What Would You Pay to Fix Boston Traffic?

It won’t cost a fortune, but raising the gas tax could ease the worst part about living in Boston—the traffic on I-93.

Highway to Hell, otherwise known as I-93 South. | Photo by Bob O’Connor

If you want to fully appreciate how dysfunctional Boston’s thicket of congested highways and patchwork streets has become, try heading home from work on a Friday afternoon in July. I-93 South is bumper to bumper with Cape traffic, the Mass. Pike has snarled to a standstill, and the secondary streets that feed into our city’s major arteries are a Hogan’s Alley of axle-snapping potholes. It all serves as a constant reminder that while we may be living in a new golden age of innovation and prosperity, the cost of being a Bostonian is impenetrable, mind-numbing gridlock. Those precious hours we waste each year banging our head against the steering wheel will likely be among the chief reasons Amazon’s HQ2 ends up elsewhere. The good news, though, is that a solution—and the cash required to pay for it—is within our grasp. We can fix our expressways, expand our highways, and even extend public transit to get some drivers off the road. All we have to do is remember how to say “yes” to the unfairly maligned, oft-forgotten gas tax.

First introduced in the early half of the 20th century, it started as a simple idea: States (and the feds) tax every gallon of gas sold and use the proceeds to build roads and keep them up to snuff. For decades it worked like a charm, with wide support across the political spectrum. And why not? Conservatives can frame it as a user fee that’s a far better way to fund our roads and bridges than, say, jacking up income taxes. Progressives can spin it as an environmental-minded win that helps fund public transit and discourages drivers from clogging the streets. Moreover, infrastructure is pretty much the only thing many people can agree on: It’s broken, and we should invest in it. Easy, right?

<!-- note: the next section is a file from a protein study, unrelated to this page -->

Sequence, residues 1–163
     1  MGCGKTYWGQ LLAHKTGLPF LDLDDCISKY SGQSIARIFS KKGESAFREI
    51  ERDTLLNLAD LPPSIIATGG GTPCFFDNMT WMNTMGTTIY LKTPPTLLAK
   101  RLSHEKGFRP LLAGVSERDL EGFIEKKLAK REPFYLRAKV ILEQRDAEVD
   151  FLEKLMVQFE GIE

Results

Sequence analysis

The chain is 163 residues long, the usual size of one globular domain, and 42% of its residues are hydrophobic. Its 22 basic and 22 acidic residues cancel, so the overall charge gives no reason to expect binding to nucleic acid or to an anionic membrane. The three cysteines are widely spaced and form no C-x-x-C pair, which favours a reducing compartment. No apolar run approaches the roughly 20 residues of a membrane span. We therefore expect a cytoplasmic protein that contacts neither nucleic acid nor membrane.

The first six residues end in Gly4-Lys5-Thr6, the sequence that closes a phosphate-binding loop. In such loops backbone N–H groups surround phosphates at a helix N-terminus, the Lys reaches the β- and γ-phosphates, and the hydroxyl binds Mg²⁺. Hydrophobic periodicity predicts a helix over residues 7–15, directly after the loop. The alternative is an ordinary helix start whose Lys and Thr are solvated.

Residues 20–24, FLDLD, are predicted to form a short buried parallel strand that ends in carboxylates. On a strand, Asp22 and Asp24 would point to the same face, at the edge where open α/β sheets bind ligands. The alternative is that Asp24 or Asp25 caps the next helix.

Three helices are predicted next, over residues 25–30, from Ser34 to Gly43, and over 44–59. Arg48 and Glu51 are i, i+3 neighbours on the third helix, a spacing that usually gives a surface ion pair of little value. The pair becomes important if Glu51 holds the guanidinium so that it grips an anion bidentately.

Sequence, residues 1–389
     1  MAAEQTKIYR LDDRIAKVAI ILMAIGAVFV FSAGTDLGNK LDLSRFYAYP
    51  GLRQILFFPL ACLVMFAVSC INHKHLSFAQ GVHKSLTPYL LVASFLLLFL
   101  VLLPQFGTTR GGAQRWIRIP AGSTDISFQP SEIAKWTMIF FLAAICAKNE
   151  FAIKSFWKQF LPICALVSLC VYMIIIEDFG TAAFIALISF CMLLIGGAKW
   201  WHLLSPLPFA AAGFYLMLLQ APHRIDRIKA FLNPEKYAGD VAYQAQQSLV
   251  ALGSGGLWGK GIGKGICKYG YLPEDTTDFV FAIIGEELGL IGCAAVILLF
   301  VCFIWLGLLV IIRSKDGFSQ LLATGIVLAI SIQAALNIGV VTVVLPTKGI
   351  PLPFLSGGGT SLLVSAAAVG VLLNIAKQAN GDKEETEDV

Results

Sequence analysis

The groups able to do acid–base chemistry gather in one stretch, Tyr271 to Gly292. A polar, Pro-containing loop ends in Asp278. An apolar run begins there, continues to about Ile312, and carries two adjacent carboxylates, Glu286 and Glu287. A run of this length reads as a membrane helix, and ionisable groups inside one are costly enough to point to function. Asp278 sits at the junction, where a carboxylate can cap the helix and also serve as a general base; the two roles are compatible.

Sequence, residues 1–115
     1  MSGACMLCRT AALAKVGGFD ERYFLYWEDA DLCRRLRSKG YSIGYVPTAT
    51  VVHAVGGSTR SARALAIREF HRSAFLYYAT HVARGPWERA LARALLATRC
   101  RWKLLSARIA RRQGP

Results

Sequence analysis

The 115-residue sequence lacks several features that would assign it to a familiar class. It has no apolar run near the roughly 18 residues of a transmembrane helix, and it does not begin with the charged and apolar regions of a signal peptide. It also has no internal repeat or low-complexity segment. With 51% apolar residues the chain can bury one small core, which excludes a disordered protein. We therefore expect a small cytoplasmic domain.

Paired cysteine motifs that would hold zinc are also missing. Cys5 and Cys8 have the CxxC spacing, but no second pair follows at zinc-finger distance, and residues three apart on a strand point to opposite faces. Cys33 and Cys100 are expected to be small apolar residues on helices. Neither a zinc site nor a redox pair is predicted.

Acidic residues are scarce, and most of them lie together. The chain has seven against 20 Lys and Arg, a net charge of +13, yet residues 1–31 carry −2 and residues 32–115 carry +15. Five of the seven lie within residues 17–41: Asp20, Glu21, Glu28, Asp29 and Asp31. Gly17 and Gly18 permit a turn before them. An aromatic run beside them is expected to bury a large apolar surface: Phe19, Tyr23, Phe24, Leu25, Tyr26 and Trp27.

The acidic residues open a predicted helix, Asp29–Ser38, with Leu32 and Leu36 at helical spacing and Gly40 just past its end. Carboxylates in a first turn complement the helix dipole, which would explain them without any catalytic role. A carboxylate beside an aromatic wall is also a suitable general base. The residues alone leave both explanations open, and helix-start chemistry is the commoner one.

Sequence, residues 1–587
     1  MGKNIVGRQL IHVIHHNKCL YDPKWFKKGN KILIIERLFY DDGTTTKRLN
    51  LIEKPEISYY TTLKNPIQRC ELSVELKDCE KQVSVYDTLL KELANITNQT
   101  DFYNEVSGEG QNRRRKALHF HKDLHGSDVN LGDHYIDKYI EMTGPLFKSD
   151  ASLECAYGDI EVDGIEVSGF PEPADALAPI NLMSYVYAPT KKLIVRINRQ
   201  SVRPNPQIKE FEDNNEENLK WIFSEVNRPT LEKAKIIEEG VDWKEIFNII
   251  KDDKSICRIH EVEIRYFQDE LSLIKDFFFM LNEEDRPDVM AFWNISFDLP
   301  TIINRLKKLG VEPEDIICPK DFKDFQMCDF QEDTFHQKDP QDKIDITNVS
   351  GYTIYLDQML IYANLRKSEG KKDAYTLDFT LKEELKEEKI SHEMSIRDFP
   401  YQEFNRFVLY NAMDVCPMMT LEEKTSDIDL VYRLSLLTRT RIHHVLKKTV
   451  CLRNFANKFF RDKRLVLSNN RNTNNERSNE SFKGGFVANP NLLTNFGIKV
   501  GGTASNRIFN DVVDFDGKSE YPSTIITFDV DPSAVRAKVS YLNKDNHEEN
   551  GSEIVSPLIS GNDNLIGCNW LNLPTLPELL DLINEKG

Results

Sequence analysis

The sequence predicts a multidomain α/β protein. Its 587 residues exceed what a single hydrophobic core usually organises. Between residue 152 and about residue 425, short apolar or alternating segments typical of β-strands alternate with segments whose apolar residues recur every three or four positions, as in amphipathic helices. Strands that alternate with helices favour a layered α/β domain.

Well, not exactly. In recent years, Bay State voters have consistently raised holy hell at the prospect of paying more at the pump, despite the growing commutes and crumbling highways. Then-Governor Deval Patrick had the mettle to raise the gas tax by a mere 3 cents per gallon in 2013, with a provision to let it grow to keep up with inflation. The very next year, though, voters across the state—left, right, and center—banded together and passed a ballot initiative steamrolling Patrick’s reforms. “The long-standing bipartisan agreement that the gas tax should keep up with the costs of building and fixing the system seems to have died out,” says Chris Dempsey, director of the advocacy group Transportation for Massachusetts. “The result is a transportation system that doesn’t work very well for anyone.”

So, what should we do? Ratcheting up the gas tax would be a good start. Right now, despite all the historical bellyaching about “Taxachusetts,” we pay a 26.5-cent state tax per gallon—the second-lowest in all of New England, more than a nickel cheaper than the national average, and nowhere close to Pennsylvania’s 58.7 cents per gallon, the highest in the nation today. “The gas tax is a user fee, which is a good way to fund our transportation system,” Dempsey tells me. The cost of us shirking it, he says, is that our roads are “choked with congestion and falling apart.”

Here’s the thing: The longer we drag our lead feet, the worse the problems will be. Boston commuters spent an average of 60 hours stuck in rush-hour traffic last year—among the most of any city in the world—and more commuters are on the way. Critics are right when they say the rise of fuel-efficient cars and electric vehicles means the gas tax is only a medium-term fix, and we will need ideas such as smarter tolling systems that impose higher fees during peak traffic times so drivers pay for the amount of road they use rather than the gas they burn. But right now, if we’re serious about fixing our roads and lifting the burden of living in Boston, it’s time to stop trying to reinvent the wheel and go back to using a tool that has worked since the days of the Model T—before we run out of road.